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Tuesday, October 30, 2012

An Unfinished Universe

 (based on a homily preached on the fifth Sunday of Easter, 2010)

            The word “new” comes up five times in the readings for this Sunday, especially Revelation 21:1-5a. New heavens, new earth, new Jerusalem, I make all things new, new commandment. 

            The new is generally better than the old, but we sometimes get hurt trying out the new. Example: the motor vehicle. It is good for a lot of people, but 33,000 people were killed last year in motor vehicle accidents. That is a lot fewer than thirty years ago, which suggests that we may someday reduce the number to zero. We’re doing better, but we haven’t learned enough yet. 

            The same thing is true of capitalism. It is a wonderful invention, but it kills people just like the motor vehicle does. We haven’t learned to do it well.

            The story of Adam and Eve is not about obedience, it is about the human tendency to push the limits, to try new things. God could have inserted a gene into Adam and Eve that would have made the tree unattractive to them. God knew they were likely to eat of the fruit of that tree. Their being driven from paradise was not a punishment, but a description of how you can get hurt when you try something new. Did God say “Go for it”? The story does not put those words into God’s mouth, but it could have.

            Instead of inserting the gene, God inserted himself into the human story, in Jesus Christ. God became vulnerable. Love is vulnerable, faithful involvement. When you are vulnerable, you get hurt. Love is more important than not getting hurt. God got hurt.

            The new commandment will lead to the new heavens, the new earth, and the new Jerusalem. The new commandment is “love one another as I have loved you." 

            The old commandments are the famous ten: thou shalt not (kill, commit adultery, steal, bear false witness). They are part of the old heavens and the old earth. The One on the throne says “Behold, I make all things new.” He makes all things new by showing us what happens when we live vulnerably and faithfully with one another.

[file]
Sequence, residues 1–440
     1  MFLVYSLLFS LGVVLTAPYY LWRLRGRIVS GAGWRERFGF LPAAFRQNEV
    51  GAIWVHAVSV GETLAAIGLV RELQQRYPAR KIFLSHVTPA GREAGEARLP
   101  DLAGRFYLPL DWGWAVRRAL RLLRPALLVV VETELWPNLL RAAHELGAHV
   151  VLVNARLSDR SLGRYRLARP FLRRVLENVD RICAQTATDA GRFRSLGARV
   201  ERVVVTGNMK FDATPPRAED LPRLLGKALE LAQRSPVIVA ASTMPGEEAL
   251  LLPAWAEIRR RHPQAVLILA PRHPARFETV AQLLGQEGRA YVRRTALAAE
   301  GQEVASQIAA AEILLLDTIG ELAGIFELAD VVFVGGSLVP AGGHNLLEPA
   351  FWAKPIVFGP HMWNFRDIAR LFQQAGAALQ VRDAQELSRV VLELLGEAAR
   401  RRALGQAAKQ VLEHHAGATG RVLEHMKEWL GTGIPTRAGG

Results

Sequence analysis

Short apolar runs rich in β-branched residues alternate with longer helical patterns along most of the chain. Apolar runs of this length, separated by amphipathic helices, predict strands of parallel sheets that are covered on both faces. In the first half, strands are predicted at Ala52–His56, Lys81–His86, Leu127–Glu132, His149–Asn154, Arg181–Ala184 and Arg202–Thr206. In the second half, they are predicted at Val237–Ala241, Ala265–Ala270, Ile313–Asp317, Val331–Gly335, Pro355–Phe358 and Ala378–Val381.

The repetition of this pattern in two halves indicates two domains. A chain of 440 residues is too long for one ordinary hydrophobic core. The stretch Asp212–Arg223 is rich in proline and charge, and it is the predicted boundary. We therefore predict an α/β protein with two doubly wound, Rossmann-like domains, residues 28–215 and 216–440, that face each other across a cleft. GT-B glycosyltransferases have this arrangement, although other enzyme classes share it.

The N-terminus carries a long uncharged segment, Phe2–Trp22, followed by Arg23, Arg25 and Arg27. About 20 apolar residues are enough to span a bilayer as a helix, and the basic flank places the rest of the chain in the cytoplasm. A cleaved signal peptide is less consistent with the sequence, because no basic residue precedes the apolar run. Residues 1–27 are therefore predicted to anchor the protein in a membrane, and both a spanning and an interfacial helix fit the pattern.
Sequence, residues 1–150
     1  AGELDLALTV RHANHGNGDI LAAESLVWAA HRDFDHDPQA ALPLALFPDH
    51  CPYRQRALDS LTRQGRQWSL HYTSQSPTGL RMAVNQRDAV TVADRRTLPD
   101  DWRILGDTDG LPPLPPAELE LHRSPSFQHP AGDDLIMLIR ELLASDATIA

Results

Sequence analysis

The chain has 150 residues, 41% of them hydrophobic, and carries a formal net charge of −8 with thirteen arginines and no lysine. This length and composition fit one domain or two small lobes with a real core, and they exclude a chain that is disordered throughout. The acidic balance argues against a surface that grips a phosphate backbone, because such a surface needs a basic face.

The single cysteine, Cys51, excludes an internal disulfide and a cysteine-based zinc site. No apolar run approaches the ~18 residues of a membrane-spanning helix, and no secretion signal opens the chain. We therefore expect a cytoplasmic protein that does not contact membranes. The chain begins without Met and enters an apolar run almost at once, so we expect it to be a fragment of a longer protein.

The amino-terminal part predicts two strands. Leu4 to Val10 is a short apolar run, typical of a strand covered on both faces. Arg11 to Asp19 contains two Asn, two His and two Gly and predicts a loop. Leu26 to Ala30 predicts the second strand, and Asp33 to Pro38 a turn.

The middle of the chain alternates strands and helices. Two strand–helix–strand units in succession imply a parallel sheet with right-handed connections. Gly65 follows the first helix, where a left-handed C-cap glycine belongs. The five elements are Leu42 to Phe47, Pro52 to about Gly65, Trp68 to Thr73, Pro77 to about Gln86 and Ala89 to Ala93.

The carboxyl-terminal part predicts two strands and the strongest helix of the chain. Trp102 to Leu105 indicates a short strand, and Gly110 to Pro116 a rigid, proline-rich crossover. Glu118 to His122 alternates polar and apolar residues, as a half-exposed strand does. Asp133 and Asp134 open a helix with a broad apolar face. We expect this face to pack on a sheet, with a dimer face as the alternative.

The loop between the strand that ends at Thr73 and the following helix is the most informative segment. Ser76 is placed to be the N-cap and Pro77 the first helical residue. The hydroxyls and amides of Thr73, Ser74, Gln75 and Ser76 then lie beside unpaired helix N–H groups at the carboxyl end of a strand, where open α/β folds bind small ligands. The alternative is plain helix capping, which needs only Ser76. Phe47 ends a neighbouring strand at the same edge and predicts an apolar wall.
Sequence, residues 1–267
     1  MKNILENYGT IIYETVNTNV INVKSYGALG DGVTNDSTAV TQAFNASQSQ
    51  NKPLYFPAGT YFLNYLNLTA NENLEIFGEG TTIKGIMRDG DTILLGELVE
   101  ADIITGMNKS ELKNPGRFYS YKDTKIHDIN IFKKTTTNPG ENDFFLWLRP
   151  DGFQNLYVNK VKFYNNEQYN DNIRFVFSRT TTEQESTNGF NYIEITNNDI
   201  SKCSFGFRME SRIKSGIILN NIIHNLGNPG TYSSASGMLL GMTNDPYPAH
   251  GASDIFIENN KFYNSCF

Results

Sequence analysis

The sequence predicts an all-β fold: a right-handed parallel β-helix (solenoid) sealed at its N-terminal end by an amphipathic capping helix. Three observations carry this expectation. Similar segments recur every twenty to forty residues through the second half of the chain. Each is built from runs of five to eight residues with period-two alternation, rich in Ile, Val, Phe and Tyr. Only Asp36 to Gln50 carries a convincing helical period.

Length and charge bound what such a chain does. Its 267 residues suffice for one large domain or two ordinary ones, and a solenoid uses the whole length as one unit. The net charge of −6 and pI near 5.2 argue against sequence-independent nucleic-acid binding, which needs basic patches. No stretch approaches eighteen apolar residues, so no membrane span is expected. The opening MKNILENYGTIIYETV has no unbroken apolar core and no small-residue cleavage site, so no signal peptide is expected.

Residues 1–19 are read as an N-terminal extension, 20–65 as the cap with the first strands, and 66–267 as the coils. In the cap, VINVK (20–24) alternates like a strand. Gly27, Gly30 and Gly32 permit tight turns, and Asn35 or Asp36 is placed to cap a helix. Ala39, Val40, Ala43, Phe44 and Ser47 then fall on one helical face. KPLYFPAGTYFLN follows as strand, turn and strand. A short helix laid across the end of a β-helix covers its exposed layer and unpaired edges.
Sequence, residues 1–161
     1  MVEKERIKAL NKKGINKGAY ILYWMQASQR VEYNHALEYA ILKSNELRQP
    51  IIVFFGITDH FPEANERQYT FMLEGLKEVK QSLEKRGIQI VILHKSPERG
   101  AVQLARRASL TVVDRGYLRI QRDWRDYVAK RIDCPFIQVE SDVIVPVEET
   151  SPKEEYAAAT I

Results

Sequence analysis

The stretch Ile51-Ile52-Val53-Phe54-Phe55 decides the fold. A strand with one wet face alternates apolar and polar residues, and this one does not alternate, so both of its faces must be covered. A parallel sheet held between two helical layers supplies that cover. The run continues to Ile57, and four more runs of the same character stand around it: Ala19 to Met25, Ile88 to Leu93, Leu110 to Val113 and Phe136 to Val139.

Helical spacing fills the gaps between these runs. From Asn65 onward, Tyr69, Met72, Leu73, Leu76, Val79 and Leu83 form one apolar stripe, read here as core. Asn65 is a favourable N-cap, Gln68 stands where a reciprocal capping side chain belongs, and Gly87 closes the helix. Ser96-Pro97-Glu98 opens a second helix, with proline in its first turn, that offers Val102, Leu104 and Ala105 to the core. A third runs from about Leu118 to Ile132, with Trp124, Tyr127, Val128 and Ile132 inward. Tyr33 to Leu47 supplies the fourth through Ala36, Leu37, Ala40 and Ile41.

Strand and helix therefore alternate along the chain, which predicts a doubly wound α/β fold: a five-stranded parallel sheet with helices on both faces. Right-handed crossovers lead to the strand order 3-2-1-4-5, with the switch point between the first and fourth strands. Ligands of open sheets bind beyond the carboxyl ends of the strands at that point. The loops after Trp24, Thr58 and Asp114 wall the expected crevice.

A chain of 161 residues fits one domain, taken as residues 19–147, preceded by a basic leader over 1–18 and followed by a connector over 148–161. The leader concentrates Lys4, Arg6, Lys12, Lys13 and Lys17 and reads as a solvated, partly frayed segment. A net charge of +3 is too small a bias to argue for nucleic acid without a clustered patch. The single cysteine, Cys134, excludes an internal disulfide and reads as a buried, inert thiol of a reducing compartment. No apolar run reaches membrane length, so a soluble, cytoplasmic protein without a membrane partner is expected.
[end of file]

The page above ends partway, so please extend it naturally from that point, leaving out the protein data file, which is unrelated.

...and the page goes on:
We may be facing the greatest environmental disaster in history—not the Gulf oil spill, but that and a whole list of related things: global warming, poisoning of our waters by the thousands of chemicals we invent, nuclear war. The disaster, if it comes, will have been caused by our pushing the limits. We invented all these new things and they can kill us. We need a theology that can cope with even the ultimate disaster. A theology based on obedience will not do the job. 

            Of course, each of us as individuals face disasters as terrible to us as the end of the world would be to all of us. Marital failure, cancer, Alzheimer's.

            The theology that can do the job is a theology that sees creation as unfinished. God is constantly creating, and letting humans play with creation. God creates thousands of species and eliminates thousands of species. Not all environmental disasters are “man-made.” God created a creature that could share in this process of creation and destruction, because that creature could also love, and love is the most important thing ever created. Love will survive any disaster. That is the lesson of Jesus’ death and resurrection. 

            The deniers of global warming are not evil people. They may, like all of us, be partly motivated by self-interest—they may be making money off the present system and don’t want to see it changed. But fundamentally they are part of a human race that has not yet learned how to do technology without killing itself. Maybe we’ll learn in time, maybe not. Regardless of whether we do or don’t learn, we can love. 

            We thought that smoking was cool, but it gave us lung cancer. We thought we knew how to make a marriage work, but it didn't. Those things don't stop us from loving.

            Love will offer us a more promising path toward dealing with, or even preventing, the disasters than will politics and brute force. 

            Traditional theology says that humans cannot find salvation without grace. The special kind of grace that we call “sanctifying” (holy-making) is really the Spirit of God, God's breath blowing on the coals of our hearts to make them white hot with love. Without that wind, we cool off. 

            We believe that the wind is there, that God is present in our midst in Christ Jesus, and that we can love, regardless of how wounded we are, as individuals or as nations. 

            The Book of Revelation was written to give hope to people who were faced with obstacles and dangers. The image of a new heavens and a new earth is meant to give hope in the midst of very unfinished old heavens and old earth. Only when we have hope can we open ourselves to love.

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